As weak as his argument is, Dyson, despite himself, hits upon a grain of truth. The U.S. left, he argues, has lost its capacity to intervene in the material reality of ordinary people’s daily lives. We say that he makes this point “despite himself” because Dyson and so many others have deluded themselves into believing that through their support of the Democratic party they do in fact have a positive relation to people’s daily wellbeing. But it is abundantly clear that figures like Dyson and progressive supporters of Obama more generally are mere props whose function is to retroactively create a multicultural and apparently pluralist justification for the politics of global warmongering and domestic austerity. This politics is actually developed and decided upon in the halls of investment banks, conservative think tanks, elite lobbyists, and weapons manufacturers, as far away from voters and ordinary people as possible. Let’s be clear then: the Democratic party today provides no avenues for ordinary people to positively intervene in their own material reality; it is rather the mechanism through which we become wedded to the fate decided for us by others. Ironically, it is this very confusion and the consequent addiction of the left to the Democratic Party and electoral politics that has played a primary role in undoing our capacity to build effective political power.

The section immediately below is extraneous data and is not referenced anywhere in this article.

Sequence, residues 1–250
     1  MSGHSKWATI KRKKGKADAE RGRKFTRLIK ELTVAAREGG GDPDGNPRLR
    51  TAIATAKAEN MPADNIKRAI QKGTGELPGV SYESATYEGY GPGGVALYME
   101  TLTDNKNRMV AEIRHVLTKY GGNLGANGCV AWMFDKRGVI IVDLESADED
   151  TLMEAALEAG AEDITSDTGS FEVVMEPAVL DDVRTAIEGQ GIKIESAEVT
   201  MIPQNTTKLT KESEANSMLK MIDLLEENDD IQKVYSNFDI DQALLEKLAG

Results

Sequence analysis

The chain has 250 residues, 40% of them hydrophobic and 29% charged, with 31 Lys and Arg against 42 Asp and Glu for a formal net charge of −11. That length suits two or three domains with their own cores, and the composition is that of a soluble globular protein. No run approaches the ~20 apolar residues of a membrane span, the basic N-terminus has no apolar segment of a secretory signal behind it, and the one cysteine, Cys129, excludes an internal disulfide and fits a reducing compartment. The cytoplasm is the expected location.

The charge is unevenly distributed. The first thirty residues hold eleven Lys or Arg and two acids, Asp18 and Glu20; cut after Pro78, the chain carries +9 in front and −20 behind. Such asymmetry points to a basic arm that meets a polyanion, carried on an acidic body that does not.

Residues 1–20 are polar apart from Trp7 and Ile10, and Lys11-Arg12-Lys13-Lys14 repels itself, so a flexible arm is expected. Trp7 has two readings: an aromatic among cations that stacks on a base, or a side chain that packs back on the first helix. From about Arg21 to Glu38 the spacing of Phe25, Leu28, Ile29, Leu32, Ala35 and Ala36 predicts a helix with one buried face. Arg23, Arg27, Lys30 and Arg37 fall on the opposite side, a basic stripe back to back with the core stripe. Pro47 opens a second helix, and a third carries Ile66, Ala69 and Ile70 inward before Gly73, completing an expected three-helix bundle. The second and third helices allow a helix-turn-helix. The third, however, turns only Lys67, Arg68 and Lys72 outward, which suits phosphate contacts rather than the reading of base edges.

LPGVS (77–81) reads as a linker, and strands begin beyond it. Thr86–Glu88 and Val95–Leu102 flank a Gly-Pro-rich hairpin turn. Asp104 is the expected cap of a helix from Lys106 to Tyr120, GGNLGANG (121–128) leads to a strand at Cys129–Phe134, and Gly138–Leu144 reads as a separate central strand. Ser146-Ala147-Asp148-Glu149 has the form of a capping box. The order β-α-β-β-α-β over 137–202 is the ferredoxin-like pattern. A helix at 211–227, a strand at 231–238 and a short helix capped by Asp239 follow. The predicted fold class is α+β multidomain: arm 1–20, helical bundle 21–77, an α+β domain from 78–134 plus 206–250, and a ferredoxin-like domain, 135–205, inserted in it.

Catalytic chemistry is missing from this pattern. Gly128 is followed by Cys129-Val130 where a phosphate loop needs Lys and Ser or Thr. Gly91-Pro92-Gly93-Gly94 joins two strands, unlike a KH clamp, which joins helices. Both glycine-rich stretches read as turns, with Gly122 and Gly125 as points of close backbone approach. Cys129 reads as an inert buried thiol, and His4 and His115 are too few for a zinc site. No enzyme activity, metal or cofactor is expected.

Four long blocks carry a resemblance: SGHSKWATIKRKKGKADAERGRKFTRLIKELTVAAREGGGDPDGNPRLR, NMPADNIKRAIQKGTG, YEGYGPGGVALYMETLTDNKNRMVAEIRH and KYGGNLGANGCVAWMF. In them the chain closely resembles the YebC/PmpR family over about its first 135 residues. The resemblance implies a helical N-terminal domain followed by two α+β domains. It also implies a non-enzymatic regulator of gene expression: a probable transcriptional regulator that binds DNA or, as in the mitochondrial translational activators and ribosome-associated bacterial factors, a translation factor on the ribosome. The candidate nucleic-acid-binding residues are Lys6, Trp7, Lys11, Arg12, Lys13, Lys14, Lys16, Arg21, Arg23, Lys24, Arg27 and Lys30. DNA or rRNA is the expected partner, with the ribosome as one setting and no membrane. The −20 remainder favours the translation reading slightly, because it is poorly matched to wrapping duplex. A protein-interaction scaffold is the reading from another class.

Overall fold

The history of Black struggle, however, teaches us that the options have never been, and are not now, between “apathy” and participation in the Democratic Party. Time after time, the Black community has come face to face with the obvious inadequacy of the entire electoral spectrum and more particularly with constant betrayal by the Democratic Party (much as is the situation today for all of us, as bravely detailed by Black Agenda Report on a weekly basis). This realization, however, did not lead Black organizations to cross their arms in “apathy;” rather, it gave birth to creative and multiple projects for self-determination in which, as Malcolm insisted, “everything that is done for us is done by us.” From the Underground Railroad to Marcus Garvey’s Liberty Halls, from W.E.B. Dubois’ neighborhood assemblies to the Black Panther Party’s community survival programs, Black struggles in the U.S. have always presented an option beyond the lesser of two evils. In fact, the moments in which Black struggles were able to successfully intervene into electoral politics it was in large part thanks to (and without sacrificing) self-organization. It is horrifying to imagine where we would be today had these struggles accepted the logic of the lesser evil.